a1 Rothamsted Experimental Station, Harpenden, Herts, AL5 2JQ, UK
An inexpensive and versatile method for maintaining age-structured Musca domestica L. populations for studies on the evolution of insecticide resistance is described. Adult flies are kept in spacious aluminium cages in which age-structuring is maintained by the thrice-weekly addition of pupae bred from eggs collected from within the cages. The population size is regulated in a density-independent manner by constraining the input of pupae to that necessary to maintain the required equilibrium density of adults within a cage. Adult numbers are monitored by photographing from outside the cage flies settled on a grid etched on the rear wall, and by converting this grid count to an estimate of population size using a calculated regression line. Observed changes in fly numbers in a cage accorded well with those predicted by a computer model using empirical data on larval productivity, and the emergence and survivorship schedules of adult flies. Since a variety of insecticide control regimes can be applied within the cage, this system enables an adequate yet tractable simulation of selection for resistance by insecticides under field conditions.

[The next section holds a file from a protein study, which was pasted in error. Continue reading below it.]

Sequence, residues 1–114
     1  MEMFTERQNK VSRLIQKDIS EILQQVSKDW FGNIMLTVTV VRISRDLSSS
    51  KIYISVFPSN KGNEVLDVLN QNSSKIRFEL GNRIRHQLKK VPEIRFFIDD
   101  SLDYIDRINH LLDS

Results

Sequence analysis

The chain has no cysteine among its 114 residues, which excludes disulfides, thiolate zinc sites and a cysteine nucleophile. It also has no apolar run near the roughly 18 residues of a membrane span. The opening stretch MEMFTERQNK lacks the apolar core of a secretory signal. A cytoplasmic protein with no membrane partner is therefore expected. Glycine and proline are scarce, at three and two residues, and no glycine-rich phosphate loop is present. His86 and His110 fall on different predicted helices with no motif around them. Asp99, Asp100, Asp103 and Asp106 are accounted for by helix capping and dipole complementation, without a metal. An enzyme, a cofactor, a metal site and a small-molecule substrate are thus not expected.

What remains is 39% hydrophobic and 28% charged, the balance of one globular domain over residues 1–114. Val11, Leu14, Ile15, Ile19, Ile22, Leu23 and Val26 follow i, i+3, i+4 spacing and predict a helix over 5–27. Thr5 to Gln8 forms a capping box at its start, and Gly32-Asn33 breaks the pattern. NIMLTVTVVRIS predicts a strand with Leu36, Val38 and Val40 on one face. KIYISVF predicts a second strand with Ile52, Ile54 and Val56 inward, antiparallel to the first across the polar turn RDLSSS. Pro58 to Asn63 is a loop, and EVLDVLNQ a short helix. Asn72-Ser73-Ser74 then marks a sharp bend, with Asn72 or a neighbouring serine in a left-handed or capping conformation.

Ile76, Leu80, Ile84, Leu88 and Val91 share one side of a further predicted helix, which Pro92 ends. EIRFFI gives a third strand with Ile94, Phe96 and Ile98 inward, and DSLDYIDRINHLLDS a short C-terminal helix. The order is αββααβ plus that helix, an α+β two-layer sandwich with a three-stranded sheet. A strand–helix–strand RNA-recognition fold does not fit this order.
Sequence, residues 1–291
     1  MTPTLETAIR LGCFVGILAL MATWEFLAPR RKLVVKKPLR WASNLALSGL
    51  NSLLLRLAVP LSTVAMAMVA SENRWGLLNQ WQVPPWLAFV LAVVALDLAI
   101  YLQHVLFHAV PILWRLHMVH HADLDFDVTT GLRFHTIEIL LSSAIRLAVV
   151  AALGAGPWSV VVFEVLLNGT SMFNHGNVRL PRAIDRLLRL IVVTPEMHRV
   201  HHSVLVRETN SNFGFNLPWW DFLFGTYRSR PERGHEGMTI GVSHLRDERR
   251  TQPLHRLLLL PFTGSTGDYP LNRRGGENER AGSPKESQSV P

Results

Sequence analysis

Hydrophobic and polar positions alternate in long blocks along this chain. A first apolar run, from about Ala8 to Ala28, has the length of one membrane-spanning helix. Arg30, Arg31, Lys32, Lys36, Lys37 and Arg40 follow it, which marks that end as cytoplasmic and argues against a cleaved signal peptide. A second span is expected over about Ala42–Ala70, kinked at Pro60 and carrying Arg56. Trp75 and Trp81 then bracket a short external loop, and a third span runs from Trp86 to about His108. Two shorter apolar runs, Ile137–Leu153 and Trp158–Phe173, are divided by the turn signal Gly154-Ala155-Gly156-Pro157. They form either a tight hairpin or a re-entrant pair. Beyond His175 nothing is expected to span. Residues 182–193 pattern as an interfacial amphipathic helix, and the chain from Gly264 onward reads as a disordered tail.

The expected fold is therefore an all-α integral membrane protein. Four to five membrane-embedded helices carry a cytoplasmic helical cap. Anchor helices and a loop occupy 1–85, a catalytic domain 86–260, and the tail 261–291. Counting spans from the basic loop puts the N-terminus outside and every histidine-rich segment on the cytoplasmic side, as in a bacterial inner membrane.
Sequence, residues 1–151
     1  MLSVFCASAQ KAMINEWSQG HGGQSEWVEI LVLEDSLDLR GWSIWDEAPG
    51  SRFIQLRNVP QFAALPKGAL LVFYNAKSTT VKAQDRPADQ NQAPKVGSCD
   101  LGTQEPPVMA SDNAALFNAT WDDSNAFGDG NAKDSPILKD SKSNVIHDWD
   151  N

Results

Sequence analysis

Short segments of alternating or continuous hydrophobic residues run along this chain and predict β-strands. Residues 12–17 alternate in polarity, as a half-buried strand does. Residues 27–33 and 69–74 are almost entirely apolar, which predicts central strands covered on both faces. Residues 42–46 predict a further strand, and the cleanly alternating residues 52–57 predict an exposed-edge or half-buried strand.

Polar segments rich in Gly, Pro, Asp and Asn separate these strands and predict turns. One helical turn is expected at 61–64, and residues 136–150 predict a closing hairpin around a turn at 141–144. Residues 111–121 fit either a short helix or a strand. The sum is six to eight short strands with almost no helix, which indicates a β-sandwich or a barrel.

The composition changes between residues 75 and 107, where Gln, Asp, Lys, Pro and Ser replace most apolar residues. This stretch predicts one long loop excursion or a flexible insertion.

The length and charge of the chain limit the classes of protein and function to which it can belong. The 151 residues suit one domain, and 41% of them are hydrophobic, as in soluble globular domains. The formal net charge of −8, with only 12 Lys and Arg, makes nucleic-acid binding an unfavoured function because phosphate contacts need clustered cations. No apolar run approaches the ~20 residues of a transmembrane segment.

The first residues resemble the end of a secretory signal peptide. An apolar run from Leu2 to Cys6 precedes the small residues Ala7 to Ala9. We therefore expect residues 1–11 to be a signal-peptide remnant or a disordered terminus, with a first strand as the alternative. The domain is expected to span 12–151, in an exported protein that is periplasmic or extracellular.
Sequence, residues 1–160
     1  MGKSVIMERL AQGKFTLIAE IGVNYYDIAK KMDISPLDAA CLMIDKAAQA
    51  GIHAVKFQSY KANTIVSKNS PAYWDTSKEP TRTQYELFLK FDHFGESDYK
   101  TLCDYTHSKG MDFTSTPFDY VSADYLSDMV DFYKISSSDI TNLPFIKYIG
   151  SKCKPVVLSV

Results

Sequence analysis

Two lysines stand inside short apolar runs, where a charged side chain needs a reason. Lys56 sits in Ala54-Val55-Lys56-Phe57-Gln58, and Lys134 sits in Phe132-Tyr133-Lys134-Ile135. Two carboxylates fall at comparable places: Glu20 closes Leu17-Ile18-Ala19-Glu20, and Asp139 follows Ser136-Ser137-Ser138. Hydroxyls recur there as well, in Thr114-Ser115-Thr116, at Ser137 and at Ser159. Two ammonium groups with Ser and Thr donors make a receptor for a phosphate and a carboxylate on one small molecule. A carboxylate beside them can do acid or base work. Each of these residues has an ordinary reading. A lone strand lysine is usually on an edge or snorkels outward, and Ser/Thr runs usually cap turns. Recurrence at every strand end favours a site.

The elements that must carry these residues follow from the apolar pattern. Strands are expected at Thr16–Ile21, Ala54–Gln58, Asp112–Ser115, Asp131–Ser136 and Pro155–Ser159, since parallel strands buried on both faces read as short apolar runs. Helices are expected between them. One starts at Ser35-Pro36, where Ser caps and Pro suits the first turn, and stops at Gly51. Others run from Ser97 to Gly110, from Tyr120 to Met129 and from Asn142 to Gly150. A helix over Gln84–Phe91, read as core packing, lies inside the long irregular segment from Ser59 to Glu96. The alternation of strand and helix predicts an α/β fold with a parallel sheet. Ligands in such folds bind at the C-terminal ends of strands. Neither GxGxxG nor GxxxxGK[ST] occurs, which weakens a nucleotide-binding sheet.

(Received September 30 1985)